Neural networks and machine learning once seemed like far-fetched futuristic concepts but are now proven successful tools that can help scientists approach big problems (and big datasets). A major advantage for machine learning is that it can analyze high throughput datasets and pull out the best predictions out of millions of sequence combinations — a …
Andrew Buller, professor of chemistry at UW-Madison and affiliate of the Department of Biochemistry, is working to develop methods to create new protein building blocks in living systems. This chemical research, recently recognized with a $2.2 million grant from NIH, could make these processes more affordable for and accessible to scientists with expertise in other backgrounds.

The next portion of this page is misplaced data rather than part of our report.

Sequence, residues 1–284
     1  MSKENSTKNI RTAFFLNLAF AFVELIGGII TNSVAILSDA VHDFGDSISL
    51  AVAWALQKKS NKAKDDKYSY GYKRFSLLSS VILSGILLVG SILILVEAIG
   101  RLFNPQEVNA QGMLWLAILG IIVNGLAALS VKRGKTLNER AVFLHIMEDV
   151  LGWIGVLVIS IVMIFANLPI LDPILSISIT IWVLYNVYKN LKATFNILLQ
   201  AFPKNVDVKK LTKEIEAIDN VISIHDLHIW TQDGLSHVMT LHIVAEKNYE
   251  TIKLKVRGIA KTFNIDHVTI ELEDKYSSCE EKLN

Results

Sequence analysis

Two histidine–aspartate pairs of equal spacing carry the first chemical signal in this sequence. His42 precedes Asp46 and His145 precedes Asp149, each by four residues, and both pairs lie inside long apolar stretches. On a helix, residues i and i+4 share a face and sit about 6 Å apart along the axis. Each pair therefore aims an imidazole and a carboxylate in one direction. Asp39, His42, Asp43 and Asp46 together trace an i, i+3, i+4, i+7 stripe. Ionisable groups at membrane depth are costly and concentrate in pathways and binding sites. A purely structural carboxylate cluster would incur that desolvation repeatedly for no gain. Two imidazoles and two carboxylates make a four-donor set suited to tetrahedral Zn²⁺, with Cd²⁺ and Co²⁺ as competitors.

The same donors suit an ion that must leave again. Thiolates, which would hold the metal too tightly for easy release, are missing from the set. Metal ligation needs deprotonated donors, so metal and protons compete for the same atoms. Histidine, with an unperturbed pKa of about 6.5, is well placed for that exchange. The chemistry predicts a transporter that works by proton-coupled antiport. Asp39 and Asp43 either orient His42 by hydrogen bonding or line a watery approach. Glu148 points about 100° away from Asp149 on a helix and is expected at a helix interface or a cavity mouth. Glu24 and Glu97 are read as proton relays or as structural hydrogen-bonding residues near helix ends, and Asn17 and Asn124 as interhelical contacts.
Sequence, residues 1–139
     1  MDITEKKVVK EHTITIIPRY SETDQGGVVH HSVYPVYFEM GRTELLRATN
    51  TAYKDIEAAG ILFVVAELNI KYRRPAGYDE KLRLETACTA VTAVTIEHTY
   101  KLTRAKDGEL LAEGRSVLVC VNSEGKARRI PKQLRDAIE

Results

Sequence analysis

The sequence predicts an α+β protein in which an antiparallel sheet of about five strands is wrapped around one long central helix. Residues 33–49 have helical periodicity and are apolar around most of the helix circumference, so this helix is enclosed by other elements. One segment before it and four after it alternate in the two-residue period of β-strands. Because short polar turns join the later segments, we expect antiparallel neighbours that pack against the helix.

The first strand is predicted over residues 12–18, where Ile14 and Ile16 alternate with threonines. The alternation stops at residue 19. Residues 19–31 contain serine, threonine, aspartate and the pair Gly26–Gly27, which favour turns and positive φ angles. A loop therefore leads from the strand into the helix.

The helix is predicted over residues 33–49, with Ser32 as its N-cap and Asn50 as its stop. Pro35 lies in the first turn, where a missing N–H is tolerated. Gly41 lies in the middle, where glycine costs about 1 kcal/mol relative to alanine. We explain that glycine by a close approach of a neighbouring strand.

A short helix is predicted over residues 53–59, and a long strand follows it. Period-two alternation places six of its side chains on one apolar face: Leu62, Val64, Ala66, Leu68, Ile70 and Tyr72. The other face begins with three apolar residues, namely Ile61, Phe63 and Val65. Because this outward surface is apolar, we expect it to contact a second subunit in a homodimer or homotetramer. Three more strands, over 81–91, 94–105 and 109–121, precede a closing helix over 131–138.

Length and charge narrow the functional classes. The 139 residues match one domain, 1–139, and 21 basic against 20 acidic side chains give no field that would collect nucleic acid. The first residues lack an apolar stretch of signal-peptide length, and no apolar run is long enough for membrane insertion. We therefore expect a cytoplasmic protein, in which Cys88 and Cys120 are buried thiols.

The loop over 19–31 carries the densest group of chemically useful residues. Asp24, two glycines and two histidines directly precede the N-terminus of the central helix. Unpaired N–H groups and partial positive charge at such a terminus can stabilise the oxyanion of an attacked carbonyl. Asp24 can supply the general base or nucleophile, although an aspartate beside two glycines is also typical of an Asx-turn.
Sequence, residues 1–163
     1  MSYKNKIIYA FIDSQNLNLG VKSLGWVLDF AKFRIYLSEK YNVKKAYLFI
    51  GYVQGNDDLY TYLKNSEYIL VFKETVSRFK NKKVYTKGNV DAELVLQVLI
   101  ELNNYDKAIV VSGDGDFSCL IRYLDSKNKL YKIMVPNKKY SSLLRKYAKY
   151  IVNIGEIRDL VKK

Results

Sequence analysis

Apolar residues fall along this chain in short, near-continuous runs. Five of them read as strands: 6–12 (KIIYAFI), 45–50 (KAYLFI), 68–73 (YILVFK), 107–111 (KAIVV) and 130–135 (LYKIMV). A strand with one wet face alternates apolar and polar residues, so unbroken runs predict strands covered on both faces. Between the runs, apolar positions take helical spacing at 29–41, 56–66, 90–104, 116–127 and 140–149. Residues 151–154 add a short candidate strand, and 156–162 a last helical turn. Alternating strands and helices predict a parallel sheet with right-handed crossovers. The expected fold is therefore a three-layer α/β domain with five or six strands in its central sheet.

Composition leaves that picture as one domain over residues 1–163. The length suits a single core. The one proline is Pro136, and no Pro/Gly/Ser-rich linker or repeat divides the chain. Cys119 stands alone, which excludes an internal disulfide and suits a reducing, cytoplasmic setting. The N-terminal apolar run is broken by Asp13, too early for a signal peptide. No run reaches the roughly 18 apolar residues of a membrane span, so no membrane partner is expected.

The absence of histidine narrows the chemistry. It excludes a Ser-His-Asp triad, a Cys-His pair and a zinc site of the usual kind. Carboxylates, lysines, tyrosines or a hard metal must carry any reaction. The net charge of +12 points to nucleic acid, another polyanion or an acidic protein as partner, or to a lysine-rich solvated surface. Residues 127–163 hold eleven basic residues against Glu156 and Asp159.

Biochemistry assistant professor Philip Romero and neuroscience assistant professor Ari Rosenberg are the recipients of 2018 Shaw Scientist Awards from the Greater Milwaukee Foundation.
Phil Romero wants to understand how proteins accomplish that job so that he can eventually apply their power to important problems in medicine, agriculture, chemistry and bioenergy. He is betting on the top-down approach: learning how protein sequence translates into function by analyzing massive data sets.